Three ETF trends in uncertain times

Matthew J. Bartolini, CFA, Head of SPDR Americas Research, State Street Global Advisors

Like many of you, my daily routine has been upended. Rather than checking the box score from the prior night’s Boston Celtics game, I now search for the latest information on confirmed cases of COVID-19. Rather than commute into the city, I move from room to room while on phone calls trying not to disrupt the homeschooling going on. Nightly conversations about what happened at work have been replaced with what might happen next in the world and how we are going to keep the house “light.”

My typical commentary is filled with pop-culture references to make the financial markets a little more entertaining. Now, however, those references don’t feel appropriate considering the gravity of our situation. Two weeks ago, I made a reference in a blog to the movie “Heat.” That feels like years ago now, based on how quickly and dramatically our lives have changed.

Trying to Ease Nerves 

This unprecedented time will no doubt spark furious academic debate, both from a humanitarian as well as a financial markets perspective – akin to the research that followed the great financial crisis and post-dot-com bear markets.

Currently, I find myself cultivating rich data sets to help put market movements in context and chart how ETFs are performing. Of course, showcasing how ETFs are being used in this market will do little to quell the stress in our lives stemming from having our daily routines upended. However, hopefully my observations might ease any anxiety investors may have related to ETFs.

1. Low stock and bond volumes from the ETF primary market activity should not be seen as exacerbating market moves.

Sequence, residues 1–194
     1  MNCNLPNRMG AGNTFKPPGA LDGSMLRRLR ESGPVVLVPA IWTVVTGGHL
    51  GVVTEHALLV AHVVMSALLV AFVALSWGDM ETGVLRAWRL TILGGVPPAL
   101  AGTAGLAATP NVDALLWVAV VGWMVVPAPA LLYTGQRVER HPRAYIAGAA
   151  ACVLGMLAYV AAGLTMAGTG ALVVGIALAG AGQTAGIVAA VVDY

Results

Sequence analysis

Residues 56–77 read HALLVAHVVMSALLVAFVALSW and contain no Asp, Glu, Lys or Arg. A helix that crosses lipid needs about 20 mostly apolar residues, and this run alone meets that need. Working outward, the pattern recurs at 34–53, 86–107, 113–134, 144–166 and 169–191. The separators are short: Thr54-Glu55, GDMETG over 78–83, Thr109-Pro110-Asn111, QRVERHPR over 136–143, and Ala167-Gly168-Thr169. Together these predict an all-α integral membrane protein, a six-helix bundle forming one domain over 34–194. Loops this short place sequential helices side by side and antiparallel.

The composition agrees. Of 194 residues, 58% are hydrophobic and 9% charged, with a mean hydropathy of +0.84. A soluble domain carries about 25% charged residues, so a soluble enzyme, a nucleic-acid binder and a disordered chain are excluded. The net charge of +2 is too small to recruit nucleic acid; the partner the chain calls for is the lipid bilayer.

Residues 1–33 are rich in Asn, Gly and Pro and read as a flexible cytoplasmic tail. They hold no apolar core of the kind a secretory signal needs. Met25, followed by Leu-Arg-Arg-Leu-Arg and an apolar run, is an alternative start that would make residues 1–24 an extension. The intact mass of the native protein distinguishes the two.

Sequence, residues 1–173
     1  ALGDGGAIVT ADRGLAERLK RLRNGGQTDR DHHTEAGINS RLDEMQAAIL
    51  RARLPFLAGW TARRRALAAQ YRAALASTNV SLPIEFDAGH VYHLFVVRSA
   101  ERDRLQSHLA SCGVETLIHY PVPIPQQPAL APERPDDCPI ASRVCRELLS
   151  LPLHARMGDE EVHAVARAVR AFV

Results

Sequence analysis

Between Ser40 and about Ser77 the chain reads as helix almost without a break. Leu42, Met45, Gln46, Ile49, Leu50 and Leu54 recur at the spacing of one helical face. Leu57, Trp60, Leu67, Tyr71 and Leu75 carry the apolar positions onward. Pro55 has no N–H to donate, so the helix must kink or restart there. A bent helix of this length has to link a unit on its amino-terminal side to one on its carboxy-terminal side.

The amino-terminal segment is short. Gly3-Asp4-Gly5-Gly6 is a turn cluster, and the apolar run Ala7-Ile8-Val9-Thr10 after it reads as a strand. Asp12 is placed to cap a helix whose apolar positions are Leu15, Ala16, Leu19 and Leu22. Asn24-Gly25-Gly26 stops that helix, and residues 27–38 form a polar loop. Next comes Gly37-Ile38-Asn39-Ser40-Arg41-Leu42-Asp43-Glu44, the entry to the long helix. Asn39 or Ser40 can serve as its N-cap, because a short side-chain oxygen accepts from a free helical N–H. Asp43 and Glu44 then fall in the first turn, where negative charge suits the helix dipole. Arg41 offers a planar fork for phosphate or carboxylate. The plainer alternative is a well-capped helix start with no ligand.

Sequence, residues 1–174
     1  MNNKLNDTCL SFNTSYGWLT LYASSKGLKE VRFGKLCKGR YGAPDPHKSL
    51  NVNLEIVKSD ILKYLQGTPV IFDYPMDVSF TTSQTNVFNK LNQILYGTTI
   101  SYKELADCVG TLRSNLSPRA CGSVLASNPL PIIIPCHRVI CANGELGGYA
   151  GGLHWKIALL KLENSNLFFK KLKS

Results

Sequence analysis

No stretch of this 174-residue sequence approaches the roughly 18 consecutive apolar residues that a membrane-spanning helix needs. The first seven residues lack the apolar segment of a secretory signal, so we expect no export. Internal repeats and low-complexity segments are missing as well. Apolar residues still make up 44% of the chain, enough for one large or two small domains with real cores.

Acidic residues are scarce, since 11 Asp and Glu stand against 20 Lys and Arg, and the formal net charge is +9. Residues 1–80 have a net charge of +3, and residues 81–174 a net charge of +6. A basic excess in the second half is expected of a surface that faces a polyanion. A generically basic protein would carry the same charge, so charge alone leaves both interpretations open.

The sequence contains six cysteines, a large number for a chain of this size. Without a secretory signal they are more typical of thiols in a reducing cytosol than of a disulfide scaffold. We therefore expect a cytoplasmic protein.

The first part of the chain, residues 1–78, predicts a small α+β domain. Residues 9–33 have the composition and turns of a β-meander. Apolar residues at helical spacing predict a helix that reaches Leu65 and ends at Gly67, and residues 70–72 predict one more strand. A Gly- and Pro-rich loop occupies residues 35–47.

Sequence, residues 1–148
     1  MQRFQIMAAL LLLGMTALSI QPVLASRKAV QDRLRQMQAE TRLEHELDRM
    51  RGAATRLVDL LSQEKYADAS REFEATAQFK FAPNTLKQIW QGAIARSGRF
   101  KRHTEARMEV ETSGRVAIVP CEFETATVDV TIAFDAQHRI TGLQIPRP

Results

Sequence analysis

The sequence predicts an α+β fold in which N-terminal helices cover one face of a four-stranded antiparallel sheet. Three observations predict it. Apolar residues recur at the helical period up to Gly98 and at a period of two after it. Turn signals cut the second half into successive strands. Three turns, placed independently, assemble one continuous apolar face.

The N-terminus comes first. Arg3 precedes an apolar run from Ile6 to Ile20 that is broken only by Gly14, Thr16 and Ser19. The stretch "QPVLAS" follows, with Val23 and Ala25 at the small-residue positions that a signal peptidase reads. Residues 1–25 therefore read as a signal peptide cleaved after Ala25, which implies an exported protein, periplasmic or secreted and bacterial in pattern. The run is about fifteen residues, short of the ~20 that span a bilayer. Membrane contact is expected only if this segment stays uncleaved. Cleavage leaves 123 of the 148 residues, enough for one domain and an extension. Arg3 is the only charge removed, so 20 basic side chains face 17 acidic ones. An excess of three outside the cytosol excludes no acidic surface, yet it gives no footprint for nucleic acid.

Coming out of the crash of 1987, ETFs were created to allow investors to participate in the market, while limiting the impact on the securities held by the funds. Based on these levels, the same market impact holds today.

As shown below, gross primary market activity of US equities, high yield bonds, and investment-grade bonds as a percentage of their underlying market’s trading activity has averaged less than 6% since February 21, 2020. For US equities, I took any ETF with a geographic focus and compared it with the total volume of all Russell 3000 stock volumes. For the fixed income analysis, the underlying market is represented by FINRA TRACE data.

In addition to the average figures, the daily max and min are also placed in the chart. Only for high yield did this metric surpass 10% on a single day.

2. Trading volumes have increased across both equity and fixed income ETFs, hitting records.

ETFs are being used to make real-time asset allocation decisions and provide liquidity at a time when investors demand it most. With the uptick in volatility, investors have gravitated toward ETFs as a result of their onscreen liquidity, leading to a heavy increase in trading volumes across a multitude of market segments.

Both equity and fixed income ETF trading volumes have increased since February 21 and hit records, as illustrated in the chart below. Equity ETFs have traded, on average, $200 billion in the secondary market versus the normal average of $60 billion. Fixed income ETFs have traded an average of $37 billion – three times their normal average daily volume. Taken together, ETFs have represented 37% of all US exchange volume, versus the typical average of 26%.1

3. The rush to defensive ultra-short term government bond ETF exposures is outpacing 2018 levels.

In this market selloff, there has been a lack of information, and therefore, no information advantage. As a result, we have seen broad-based de-risking across many asset classes and a gravitation toward defensive areas. From a positioning perspective, we have seen investors uniquely favor ultra-short and short-term government debt.

To date in March, $17 billion has flowed into the ultra-short and short-term government debt ETF category, with inflows every day of the month. Inflows, in particular, picked up pace once key technical indicators (i.e., last price versus 200-day moving average) used by traditional trend-following equity strategies were breached, triggering a defensive shift.

The chart below depicts the rolling 30-day fund flows for this group of ETFs, and the most recent 30-day period, not surprisingly, outpaces the timeframe from 2018 when the S&P 500 fell close to 20%.

To read this article , which first appeared on the SPDR blog on March 20, please click here.

Photo Credit: Zooey via Flickr Creative Commons

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